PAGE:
Remarkably powerful urban tales, each one brilliantly in harmony with the others.

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NOWHEREVILLE

WEIRD IS OTHER PEOPLE

A short story collection provides mixed-genre, speculative fiction, with the tales bound together by mutual love, fear, and fascination with the concept and mystique of the city.

As Gable’s introduction puts it, “weird” fiction lies somewhere between the “Impossible” heights of fantasy and the “Inevitable” depths of SF. This anthology, edited by the team of Gable and Dombrowski (Welcome to Miskatonic University, 2019, etc.), aims to blend these elements—not to confuse readers but to present them with something that feels true in their uncertainty. Cities, then, form the perfect backdrop, as they feature constant cycles of new growth, preservation, and demolition as well as juxtapositions of wealth and poverty, high and low culture, and a melting pot of people, languages, and ideas. Cities represent the concept that anything can happen at any time while imparting the knowledge that true divergence from the quotidian is rare. The tales range as widely as the cities in which they take place, from Enugu, Nigeria, to a futuristic urbanscape called Punktown. Some, like Nuzo Onoh’s “Walk Softly, Softly,” in which a mysterious shadow haunts the dreams of men and steals their genitals, invoke a sort of fabulist horror to take on complex social ills. Others, like “Y” by Maura McHugh and “Nolens Volens” by Mike Allen, throw their protagonists into situations where they have little or no control over how things will turn out, their impossible choices mirroring real-life traps. Meanwhile, in Jeffrey Thomas’ “Vertices,” humans must contend with aliens who’ve merged with their own lost explorers, raising questions about adaptation and the cost of change. Throughout these and other stories, the beautiful, horrible, and, above all, the strange intermingle, producing a host of different sorts of surprising tales. The offerings vary widely in tone and style, but they are universally thought-provoking and engaging. What’s more, they complement one another in a way that’s rare even for collections by single authors, much less an anthology delivering 19 disparate voices. Indeed, the effect of this collection is not so much that of a set of loosely comparable episodes but of a kaleidoscope: variegated and multifaceted yet all of a piece.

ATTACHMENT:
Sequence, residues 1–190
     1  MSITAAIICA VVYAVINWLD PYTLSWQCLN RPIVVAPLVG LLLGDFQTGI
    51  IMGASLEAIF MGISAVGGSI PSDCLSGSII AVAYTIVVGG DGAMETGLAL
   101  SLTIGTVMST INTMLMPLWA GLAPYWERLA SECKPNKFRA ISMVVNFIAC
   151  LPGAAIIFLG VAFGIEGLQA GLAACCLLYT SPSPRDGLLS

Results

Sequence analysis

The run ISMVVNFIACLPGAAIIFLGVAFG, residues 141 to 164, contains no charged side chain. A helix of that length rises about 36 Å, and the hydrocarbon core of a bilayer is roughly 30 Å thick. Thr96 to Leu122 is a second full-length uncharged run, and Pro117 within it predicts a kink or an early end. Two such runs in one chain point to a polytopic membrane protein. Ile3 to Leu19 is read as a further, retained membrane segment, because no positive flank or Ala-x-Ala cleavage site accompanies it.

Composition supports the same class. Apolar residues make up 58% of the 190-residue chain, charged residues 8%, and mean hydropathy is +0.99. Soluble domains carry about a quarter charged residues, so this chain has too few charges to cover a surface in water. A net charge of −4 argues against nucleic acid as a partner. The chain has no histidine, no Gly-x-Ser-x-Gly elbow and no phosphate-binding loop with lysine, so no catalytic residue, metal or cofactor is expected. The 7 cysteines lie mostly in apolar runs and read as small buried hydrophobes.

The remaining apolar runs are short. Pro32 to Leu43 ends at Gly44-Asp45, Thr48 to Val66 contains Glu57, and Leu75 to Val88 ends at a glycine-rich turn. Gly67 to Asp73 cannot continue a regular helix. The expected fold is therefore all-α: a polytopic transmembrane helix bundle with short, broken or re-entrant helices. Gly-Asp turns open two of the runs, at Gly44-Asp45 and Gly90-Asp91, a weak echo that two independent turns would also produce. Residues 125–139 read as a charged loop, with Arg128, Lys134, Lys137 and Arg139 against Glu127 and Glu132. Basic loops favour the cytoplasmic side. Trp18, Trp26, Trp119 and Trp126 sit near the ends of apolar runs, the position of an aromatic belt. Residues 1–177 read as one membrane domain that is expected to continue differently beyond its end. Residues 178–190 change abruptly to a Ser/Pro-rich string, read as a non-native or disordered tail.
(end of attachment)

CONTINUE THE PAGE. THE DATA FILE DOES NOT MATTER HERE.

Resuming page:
Remarkably powerful urban tales, each one brilliantly in harmony with the others.

Pub Date: Dec. 17, 2019

ISBN: 978-1-940372-48-8

Page Count: 302

Publisher: Broken Eye Books

Review Posted Online: Dec. 2, 2019

Kirkus Reviews Issue: Jan. 15, 2020

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Nothing original, but in Hilderbrand’s hands it’s easy to get lost in the story.

BAREFOOT

Privileged 30-somethings hide from their woes in Nantucket.

Hilderbrand’s saga follows the lives of Melanie, Brenda and Vicki. Vicki, alpha mom and perfect wife, is battling late-stage lung cancer and, in an uncharacteristically flaky moment, opts for chemotherapy at the beach. Vicki shares ownership of a tiny Nantucket cottage with her younger sister Brenda. Brenda, a literature professor, tags along for the summer, partly out of familial duty, partly because she’s fleeing the fallout from her illicit affair with a student. As for Melanie, she gets a last minute invite from Vicki, after Melanie confides that Melanie’s husband is having an affair. Between Melanie and Brenda, Vicki feels her two young boys should have adequate supervision, but a disastrous first day on the island forces the trio to source some outside help. Enter Josh, the adorable and affable local who is hired to tend to the boys. On break from college, Josh learns about the pitfalls of mature love as he falls for the beauties in the snug abode. Josh likes beer, analysis-free relationships and hot older women. In a word, he’s believable. In addition to a healthy dose of testosterone, the novel is balanced by powerful descriptions of Vicki’s bond with her two boys. Emotions run high as she prepares for death.

Nothing original, but in Hilderbrand’s hands it’s easy to get lost in the story.

Pub Date: July 2, 2007

ISBN: 978-0-316-01858-6

Page Count: 352

Publisher: Little, Brown

Review Posted Online: June 24, 2010

Kirkus Reviews Issue: May 15, 2007

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More about grief and tragedy than romance.

FRIENDS FOREVER

Five friends meet on their first day of kindergarten at the exclusive Atwood School and remain lifelong friends through tragedy and triumph.

When Gabby, Billy, Izzie, Andy and Sean meet in the toy kitchen of the kindergarten classroom on their first day of school, no one can know how strong the group’s friendship will remain. Despite their different personalities and interests, the five grow up together and become even closer as they come into their own talents and life paths. But tragedy will strike and strike again. Family troubles, abusive parents, drugs, alcohol, stress, grief and even random bad luck will put pressure on each of them individually and as a group. Known for her emotional romances, Steel makes a bit of a departure with this effort that follows a group of friends through young adulthood. But even as one tragedy after another befalls the friends, the impact of the events is blunted by a distant narrative style that lacks emotional intensity. 

More about grief and tragedy than romance.

Pub Date: July 24, 2012

ISBN: 978-0-385-34321-3

Page Count: 322

Publisher: Delacorte

Review Posted Online: Nov. 14, 2012

Kirkus Reviews Issue: Dec. 1, 2012

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